macrumors member
Original poster
Oct 15, 2013
47
0
Appreciate your guys' help and honesty

Now I'm looking around for a guide on how to install Windows 8 FROM a USB drive (made on Windows) onto a 2013 MBA without the need for an optical drive.

So far, I haven't found any which takes all of these factors into account, i.e. I've found some which install using an optical drive, or use a USB drive but don't tell you how to make it on a Windows Machine etc.

Any help on this?
 

jdechko

macrumors 601
Jul 1, 2004
4,219
316
I don't think there's a need for an external tool. The bootcamp assistant should offer to create the USB for you. You just need to provide a USB stick and a valid ISO.

EDIT: Sorry, just re-read what you said.
 

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Night Spring

macrumors G5
Jul 17, 2008
13,529
6,544
I have installed Windows on an MBA using Bootcamp, and it works just fine. I don't remember all the details about how I did it, since it's been a while, but I did do it from the USB drive. I think the trickiest part was creating a Windows USB install drive, but at the time, I found an online guide that walked me through every step. I think I googled something like "bootcamp Windows."

But the Air is simply the best Windows laptop I've ever had. :D Once I had Windows installed, I set it to boot Windows by default, and while I do boot into OS X once in a while to play around, if I wanted to completely forget about OS X, I could. It's been so smooth sailing that when my mom was in the market for a new computer, I talked her into getting an Air, and she loves it, too. She got Apple Support to talk her through installing Windows -- she said they led her through the process all the way to when Windows first boots up after the install is complete.

Right now I'm very comfortable with Win7, and don't plan on switching to Win8 or to OS X. But as far as hardware is concerned, I plan to stick with Macs for the foreseeable future. The build quality is excellent, and so is the customer support. We had an iMac with RAM failure, walked it into an Apple store and they fixed it in two days. I hate to think how that would have gone with a Dell machine -- ship the computer to Dell, wait for it to be fixed, then wait for it to be shipped back again -- at least a week? Anyway, Apple support is great, especially if you have an Apple store near you.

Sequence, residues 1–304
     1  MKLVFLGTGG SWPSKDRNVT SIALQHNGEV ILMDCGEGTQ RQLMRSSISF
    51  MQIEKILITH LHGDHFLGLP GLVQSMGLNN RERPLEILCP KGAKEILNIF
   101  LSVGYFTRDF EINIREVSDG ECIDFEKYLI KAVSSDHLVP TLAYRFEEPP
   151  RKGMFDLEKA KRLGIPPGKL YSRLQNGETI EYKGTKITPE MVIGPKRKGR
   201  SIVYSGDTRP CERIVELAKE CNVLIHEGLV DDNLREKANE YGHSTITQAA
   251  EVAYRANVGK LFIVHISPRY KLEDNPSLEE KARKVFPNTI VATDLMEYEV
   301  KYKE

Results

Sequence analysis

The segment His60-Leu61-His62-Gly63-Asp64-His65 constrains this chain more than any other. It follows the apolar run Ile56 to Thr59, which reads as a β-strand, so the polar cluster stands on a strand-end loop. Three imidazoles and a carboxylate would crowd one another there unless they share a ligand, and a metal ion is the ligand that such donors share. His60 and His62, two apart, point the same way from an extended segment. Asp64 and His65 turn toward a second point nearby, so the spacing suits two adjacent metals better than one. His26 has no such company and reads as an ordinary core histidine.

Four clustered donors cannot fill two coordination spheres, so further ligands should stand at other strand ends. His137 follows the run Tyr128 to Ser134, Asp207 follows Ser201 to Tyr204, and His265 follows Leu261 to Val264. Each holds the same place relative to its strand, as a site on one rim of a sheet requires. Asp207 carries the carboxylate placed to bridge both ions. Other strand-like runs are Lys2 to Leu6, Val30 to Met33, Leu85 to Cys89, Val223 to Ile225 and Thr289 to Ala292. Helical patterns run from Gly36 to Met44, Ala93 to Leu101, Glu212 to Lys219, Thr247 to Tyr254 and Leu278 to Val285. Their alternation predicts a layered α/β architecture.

Oh, and I'd just like to add, I know for some uses virtualizations like Parallels work best, but if you are used to Windows and most of your software is Windows, then you can't go wrong using Bootcamp.

EDIT: Found tutorial.
http://www.redmondpie.com/install-windows-8-on-mac-using-boot-camp-tutorial/
 

NewbieCanada

macrumors 68030
Oct 9, 2007
2,574
35
I'm in the exact same boat as you. I'll see if I can give you some very blunt advice. For reference I've used every version of OS X since Leopard, Windows since 95, and Ubuntu/Linux since version 9.04. You are going to get a lot of people telling you OS X is better. It's not, and it's becoming a retarded argument. Use the tool for the job, that suits your uses best. I used to be a big Linux guy, because most of the work I did worked best in Linux and I liked the Ubuntu UI. I use Windows more now because most of my software works on it, at work I run Windows on an iMac and it works very very well. The advantage to the current Macbook Air is that the reports we have so far point to it running VERY well with Windows, in some cases better than OS X. That may change with Mavericks, but it won't be a huge difference either way. If you need Windows and like OS X, partition the drive and use both. If you really hate OS X you can eliminate it and use only Windows (though I can't see why you would). OS X is a good operating system, especially for mobile computers. Personally I find that Windows is more efficient from a power users perspective, but I'm also very used to Windows so I know how to use it well. Other people may not think so. In terms of build quality, I've got a Macbook from 2006 that I inherited and it is still in good condition, so yeah, they have friggin amazing build quality. Will it last? Well, if you use it for web surfing, email, basic computer tasks, sure it will. If you do real heavy work on your laptop, such as rendering, photoshop, flash, etc., then it probably won't last 5-6 years. That being said, it IS an ultrabook, and none of the direct Windows competitors will last any longer either. I give ultrabooks (good ones) a life span of 3-4 years generally, before they are outstripped by software, but that depends entirely on use and can be somewhat subjective. The display on the air is kinda meh compared to the Windows competitors coming out with 1080p touch ips displays. Consider if that matters to you or not. The graphics chip is better than almost any Windows ultrabook competitor, another thing to consider. You take the good with the bad I guess, and in the case of this machine, it's pretty damn good.